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Morocco news : Emerging as an aviation hub in North Africa

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Morocco news : Emerging as an aviation hub in North Africa

Morocco is boldly positioning itself to become a global hub for aircraft manufacturing, capitalizing on its cost-effective workforce and robust industrial partnerships to attract major players.

Persuading and drawing aerospace manufacturers to Morocco

Moroccan officials are ambitiously transforming the Kingdom into a prominent aviation center. To realize this vision, Morocco is actively enticing major aircraft manufacturers to capture a larger share of the multi-billion-dollar aerospace market.

As demand for new aircraft skyrockets and companies like Boeing and Airbus seek to ramp up production, Morocco is emerging as a compelling destination for businesses, particularly those seeking to diversify their supply chains and leverage skilled, cost-effective labor.

Hamid Abbou, CEO of the state-owned airline Royal Air Maroc, exudes confidence in Morocco’s prospects : « The demand is substantial, and we are perfectly positioned. Many major European suppliers struggle to recruit in this sector, a challenge we do not face ».

Thriving market valued at 2 billion USD

The endeavor to cultivate the Moroccan aerospace sector, valued at 2 billion USD, constitutes a pivotal aspect of the government’s broader strategy. This strategic approach aims to diversify the economy from relying on agriculture by nurturing a high-value-added manufacturing industry. Recently, authorities have rolled out generous subsidies and incentives to entice aircraft, train, and automobile manufacturers.

Currently, the Moroccan aerospace industry comprises approximately 130 companies. These entities are engaged in the production of critical components such as wings and fuselages. Notably, the sector has been instrumental in advancing women’s economic participation, constituting approximately 42 % of the aerospace workforce, surpassing Europe and North America.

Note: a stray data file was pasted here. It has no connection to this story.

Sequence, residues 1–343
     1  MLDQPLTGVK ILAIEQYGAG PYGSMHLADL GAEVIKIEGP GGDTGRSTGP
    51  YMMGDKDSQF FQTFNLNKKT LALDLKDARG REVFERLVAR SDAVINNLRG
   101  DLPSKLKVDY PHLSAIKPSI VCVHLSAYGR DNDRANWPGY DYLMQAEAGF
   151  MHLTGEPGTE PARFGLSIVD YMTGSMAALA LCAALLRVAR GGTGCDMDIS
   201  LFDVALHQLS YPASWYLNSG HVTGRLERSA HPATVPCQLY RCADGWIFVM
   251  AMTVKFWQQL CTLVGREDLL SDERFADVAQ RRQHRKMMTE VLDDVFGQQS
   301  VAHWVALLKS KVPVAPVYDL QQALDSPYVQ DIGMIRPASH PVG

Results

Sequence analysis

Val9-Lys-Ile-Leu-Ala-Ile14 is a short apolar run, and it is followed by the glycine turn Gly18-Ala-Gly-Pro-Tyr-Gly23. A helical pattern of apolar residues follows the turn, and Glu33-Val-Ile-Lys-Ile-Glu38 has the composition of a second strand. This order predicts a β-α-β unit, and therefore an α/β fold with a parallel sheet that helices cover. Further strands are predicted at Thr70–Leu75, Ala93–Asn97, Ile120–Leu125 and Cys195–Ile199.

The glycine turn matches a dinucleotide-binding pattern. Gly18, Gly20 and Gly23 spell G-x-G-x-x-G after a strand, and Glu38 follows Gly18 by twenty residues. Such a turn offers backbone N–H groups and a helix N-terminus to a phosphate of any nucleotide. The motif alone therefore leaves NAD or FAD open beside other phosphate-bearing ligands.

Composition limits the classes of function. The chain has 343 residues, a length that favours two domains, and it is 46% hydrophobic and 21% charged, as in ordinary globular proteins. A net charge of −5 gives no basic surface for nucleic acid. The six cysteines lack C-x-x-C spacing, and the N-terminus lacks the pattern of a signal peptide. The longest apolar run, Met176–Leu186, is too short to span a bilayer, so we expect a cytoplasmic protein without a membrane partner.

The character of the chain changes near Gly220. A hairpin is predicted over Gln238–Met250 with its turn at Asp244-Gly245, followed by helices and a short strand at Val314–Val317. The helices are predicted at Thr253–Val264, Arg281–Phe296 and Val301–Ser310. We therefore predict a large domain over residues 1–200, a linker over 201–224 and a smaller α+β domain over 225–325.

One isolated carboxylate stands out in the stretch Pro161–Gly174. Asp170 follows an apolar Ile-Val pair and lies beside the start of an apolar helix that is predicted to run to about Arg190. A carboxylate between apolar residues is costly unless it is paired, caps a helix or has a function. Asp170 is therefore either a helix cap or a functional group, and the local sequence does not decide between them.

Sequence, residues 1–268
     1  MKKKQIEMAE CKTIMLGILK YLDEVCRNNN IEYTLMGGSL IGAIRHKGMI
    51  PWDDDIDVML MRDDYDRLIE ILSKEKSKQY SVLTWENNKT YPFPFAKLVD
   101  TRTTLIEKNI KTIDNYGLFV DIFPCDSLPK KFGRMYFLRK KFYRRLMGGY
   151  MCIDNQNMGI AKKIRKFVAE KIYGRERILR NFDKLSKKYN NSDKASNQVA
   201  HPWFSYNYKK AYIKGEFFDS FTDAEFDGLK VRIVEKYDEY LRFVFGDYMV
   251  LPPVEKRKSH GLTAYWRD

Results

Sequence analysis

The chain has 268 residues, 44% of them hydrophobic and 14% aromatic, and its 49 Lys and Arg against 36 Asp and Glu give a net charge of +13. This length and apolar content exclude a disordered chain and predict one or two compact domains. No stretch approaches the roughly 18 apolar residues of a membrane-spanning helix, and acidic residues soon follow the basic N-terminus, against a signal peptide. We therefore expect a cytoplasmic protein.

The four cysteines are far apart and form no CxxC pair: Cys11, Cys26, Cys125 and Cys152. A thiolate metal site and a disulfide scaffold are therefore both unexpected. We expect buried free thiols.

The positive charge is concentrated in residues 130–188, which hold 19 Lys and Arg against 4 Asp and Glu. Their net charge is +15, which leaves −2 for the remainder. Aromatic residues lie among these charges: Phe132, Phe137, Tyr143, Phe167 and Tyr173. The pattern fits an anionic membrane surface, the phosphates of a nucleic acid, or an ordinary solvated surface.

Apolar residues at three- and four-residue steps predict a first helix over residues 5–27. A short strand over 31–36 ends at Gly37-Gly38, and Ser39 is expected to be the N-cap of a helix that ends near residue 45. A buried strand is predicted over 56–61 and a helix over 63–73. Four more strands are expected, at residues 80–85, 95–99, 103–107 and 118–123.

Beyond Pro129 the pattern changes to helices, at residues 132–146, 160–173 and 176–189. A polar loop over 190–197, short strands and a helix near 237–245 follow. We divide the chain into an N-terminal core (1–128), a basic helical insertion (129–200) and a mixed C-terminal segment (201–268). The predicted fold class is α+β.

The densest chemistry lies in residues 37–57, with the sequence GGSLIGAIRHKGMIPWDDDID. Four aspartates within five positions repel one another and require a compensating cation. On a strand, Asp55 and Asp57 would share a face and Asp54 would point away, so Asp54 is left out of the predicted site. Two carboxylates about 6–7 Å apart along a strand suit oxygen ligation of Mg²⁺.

For instance, the French manufacturer Safran Aircraft Engines operates a thriving repair facility near Casablanca. At this facility, engines for Boeing 737s and Airbus 320s undergo servicing every six to eight years before being returned to airlines worldwide, spanning from Brazil to Saudi Arabia to the United Kingdom and Ireland.

Fostering world-class aerospace training centers in Morocco

The government has collaborated closely with the industry to cultivate a skilled pool of aviation workers, notably through initiatives like the Casablanca Institute of Aeronautical Trades (IMA).

Through investments in top-tier training programs, officials aspire to position Morocco as a beacon of excellence in aerospace manufacturing and innovation. These endeavors align with Morocco’s ambition to rival the achievements of Rwanda’s burgeoning space industry, which stands as a notable success story in sub-Saharan Africa.

Challenges facing the Moroccan space industry

Despite its ambitions, the Moroccan space industry confronts formidable challenges. The downturn in air travel caused by the pandemic, coupled with widely publicized emergencies and accidents involving Boeing aircraft, has impeded manufacturers’ ability to meet the resurging demand from airlines.

The race to clear order backlogs across Eastern Europe to Southeast Asia is driving companies to search globally for new production and maintenance facilities. Morocco competes with numerous contenders, all vying for a larger slice of the expansive aviation market.

Nonetheless, Moroccan officials maintain optimism regarding the kingdom’s prospects. By capitalizing on its geographical proximity to Europe, longstanding partnerships with industry giants like Safran, and a burgeoning pool of competitively priced talent, Morocco is confident in its ability to secure a significant share of new aerospace investments.

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